Solar superstorm could cause internet apocalypse, experts warn

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In a new study, experts warn that a solar superstorm could cause an “internet apocalypse,” wiping out the internet for weeks or even months. The study, led by Professor Peter Becker of George Mason University, found that the internet is particularly vulnerable to solar superstorms because of its reliance on delicate electronics.

Solar superstorms are massive eruptions of plasma and charged particles from the sun. When these eruptions hit Earth, they can disrupt our planet’s magnetic field and cause widespread power outages and communication disruptions. In the worst-case scenario, a solar superstorm could wipe out the internet entirely.

They are caused by coronal mass ejections (CMEs), which are large blobs of plasma and charged particles that erupt from the sun. CMEs can travel millions of miles through space and can hit Earth within 18-24 hours. When a CME hits Earth, it can disrupt our planet’s magnetic field and cause widespread power outages and communication disruptions.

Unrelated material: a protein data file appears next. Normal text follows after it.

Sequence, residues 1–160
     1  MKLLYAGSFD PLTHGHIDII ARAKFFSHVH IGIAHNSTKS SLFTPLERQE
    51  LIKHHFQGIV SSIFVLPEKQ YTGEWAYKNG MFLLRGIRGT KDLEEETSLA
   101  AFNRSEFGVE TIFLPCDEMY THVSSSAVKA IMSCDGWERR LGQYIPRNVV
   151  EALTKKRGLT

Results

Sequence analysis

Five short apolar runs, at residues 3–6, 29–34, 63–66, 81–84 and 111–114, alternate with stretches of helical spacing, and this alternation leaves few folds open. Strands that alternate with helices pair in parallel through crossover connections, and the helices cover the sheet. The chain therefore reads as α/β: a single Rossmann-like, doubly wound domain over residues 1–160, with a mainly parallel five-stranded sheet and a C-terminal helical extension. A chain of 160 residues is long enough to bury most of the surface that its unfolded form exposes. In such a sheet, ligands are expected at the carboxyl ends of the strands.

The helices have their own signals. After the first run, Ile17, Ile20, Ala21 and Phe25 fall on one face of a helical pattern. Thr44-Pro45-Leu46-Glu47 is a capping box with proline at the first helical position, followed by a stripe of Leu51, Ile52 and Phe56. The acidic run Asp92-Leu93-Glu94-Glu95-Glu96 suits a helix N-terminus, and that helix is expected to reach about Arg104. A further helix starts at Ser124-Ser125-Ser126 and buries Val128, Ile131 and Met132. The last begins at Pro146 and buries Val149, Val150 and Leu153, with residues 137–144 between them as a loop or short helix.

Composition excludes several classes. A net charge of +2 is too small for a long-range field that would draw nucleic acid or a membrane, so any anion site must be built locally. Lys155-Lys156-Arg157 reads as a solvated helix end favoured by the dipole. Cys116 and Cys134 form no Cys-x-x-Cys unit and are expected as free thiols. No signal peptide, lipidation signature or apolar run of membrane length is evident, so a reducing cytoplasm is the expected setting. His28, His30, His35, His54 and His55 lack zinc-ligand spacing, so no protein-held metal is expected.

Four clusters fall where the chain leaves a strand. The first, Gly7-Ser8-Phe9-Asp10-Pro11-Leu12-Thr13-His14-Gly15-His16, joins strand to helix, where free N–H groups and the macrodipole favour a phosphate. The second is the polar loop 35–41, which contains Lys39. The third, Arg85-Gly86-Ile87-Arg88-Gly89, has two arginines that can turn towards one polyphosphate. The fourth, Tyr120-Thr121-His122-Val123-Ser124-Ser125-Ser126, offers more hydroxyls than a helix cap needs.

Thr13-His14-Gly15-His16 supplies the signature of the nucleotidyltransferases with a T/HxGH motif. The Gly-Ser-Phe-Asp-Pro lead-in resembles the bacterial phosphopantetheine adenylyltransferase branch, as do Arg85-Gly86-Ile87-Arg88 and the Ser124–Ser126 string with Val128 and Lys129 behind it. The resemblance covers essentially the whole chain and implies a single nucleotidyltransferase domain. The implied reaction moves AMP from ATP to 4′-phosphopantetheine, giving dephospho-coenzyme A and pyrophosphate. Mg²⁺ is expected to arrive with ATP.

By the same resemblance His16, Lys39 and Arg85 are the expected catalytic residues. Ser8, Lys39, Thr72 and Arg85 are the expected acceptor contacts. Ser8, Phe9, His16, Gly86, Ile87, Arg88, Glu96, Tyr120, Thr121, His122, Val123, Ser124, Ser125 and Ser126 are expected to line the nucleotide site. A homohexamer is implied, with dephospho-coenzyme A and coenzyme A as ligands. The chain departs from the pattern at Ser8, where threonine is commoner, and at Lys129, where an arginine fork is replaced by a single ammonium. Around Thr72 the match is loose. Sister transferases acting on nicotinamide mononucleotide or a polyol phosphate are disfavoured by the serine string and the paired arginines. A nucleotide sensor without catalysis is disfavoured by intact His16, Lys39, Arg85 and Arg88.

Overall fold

Becker and his team estimate that the odds of a solar superstorm hitting Earth in the next decade are about 10%. They are calling for more research on solar superstorms and for the development of early warning systems that could give governments and businesses time to prepare.

Scientists are working to develop new technologies and early warning systems to help us prepare for and mitigate the effects of solar superstorms. However, more research is needed to better understand these powerful events.

The sources for this piece include an article in FoxWeather.

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